Frequently Asked Questions
|What is the Disability Discrimination Act (DDA)?|
The Disability Discrimination Act 1995 (with final amendments in 2003/4) is aimed at ending the discrimination faced by many people with disabilities. Under the act an employer has a duty to take reasonable steps to prevent an arrangement or physical feature having a discriminatory effect on any employee. A service provider is required to anticipate and make reasonable adjustments for the disabled population at large.
|Who is affected by the Act?|
In its broadest terms you have a duty if:
you employ staff
let property, provide accommodation
For example, if a restaurant or a landlord providing a holiday flat refuses a blind person entry under a policy of "no dogs", this would constitute a breach of the Act and the person would be able to bring action against that service provider. (Guide dogs should be permitted.)
Equally, a person with impaired hearing unable to access public council meetings or a wheelchair user prevented from entering a library, museum or even employment, can bring action under the Act.
The only exception is if the services provided are not for the public. For example, those provided by private members clubs.
|Who enforces the Act?|
Unfortunately, the Act cannot clearly define specific alterations that need to be made. Instead the legislation focuses on results. The Act is not actively policed by anyone, however, powerful consumer organisations support individual cases, which have already resulted in awards in excess of £80,000.
|What if I don't own the property?|
It is important to remember that it is the service provider not the building that must comply with the Act.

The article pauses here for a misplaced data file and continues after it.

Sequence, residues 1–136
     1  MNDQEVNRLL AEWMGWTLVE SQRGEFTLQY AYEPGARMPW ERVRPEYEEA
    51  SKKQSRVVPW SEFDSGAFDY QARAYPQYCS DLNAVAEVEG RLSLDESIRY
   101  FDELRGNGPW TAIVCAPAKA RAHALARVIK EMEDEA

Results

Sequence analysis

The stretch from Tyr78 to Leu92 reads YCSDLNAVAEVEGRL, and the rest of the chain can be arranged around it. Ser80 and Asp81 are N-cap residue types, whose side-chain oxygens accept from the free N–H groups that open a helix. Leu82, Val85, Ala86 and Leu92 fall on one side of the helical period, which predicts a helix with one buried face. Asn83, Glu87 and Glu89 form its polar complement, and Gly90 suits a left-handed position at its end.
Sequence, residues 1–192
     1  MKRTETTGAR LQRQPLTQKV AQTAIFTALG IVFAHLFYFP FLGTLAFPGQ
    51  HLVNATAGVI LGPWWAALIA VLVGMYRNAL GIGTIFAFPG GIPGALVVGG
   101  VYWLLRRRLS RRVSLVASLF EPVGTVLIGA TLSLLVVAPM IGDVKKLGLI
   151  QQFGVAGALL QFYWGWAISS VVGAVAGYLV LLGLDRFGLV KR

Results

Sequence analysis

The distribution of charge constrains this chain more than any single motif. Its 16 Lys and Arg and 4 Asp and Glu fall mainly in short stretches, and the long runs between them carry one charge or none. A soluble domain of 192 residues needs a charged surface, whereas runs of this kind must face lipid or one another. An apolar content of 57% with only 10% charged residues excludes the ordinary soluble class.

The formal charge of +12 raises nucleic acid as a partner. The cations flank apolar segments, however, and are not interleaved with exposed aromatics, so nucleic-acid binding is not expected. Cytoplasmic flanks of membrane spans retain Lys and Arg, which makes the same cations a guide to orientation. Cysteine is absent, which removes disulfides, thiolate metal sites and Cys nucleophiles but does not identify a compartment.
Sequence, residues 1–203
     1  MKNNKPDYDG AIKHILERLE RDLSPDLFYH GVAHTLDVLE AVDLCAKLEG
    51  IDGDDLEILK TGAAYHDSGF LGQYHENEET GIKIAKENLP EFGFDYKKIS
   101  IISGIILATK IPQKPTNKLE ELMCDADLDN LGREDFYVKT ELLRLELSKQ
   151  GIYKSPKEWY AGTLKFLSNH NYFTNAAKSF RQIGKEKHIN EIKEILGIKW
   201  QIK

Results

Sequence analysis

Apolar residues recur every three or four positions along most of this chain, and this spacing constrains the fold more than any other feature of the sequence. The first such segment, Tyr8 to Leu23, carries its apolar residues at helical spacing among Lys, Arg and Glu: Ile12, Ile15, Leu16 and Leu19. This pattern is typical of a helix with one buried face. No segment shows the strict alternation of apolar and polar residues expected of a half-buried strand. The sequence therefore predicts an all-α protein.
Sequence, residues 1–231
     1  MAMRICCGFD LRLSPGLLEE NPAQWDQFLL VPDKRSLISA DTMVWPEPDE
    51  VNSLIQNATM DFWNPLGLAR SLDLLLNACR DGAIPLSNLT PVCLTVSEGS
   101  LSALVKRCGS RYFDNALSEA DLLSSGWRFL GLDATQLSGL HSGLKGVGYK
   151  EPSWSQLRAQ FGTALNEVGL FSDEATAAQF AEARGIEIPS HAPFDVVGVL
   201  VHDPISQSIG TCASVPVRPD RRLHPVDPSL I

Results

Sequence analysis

In a multi-let building (where shops, office space and residential flats may exist side by side) the landlord is responsible for making the common parts comply with the Act. Common parts include staircases, corridors, lifts etc...
Where a business owner rents premises, the landlord is NOT responsible for DDA compliance measures.
|How can I make arrangements to comply?|
The focus of the Act is on results. Where there is a physical barrier, the service provider should make its service accessible to disabled people. The Act does not require a service provider to adopt one way of meeting the obligations rather than another. What is important is that this aim is achieved, rather than how it is achieved.
|What if I am an employer?|
The regulations concerning employers and employees focus on the employer to make reasonable adjustments to accommodate individual employees or potential employees. These may be as broad as the terms of contract, adjustments to the premises he will be working in, acquiring or modifying equipment and even assigning a person to a different place of work.
A point to remember is that up to October 2004 the rule on employers only applies to those who employ over 15 people, however, in October 2004 it is planned that there will be no exceptions
|What if I miss the October 2004 deadline to make alterations?|
If a service remains inaccessible a service provider may have to defend its decisions in court.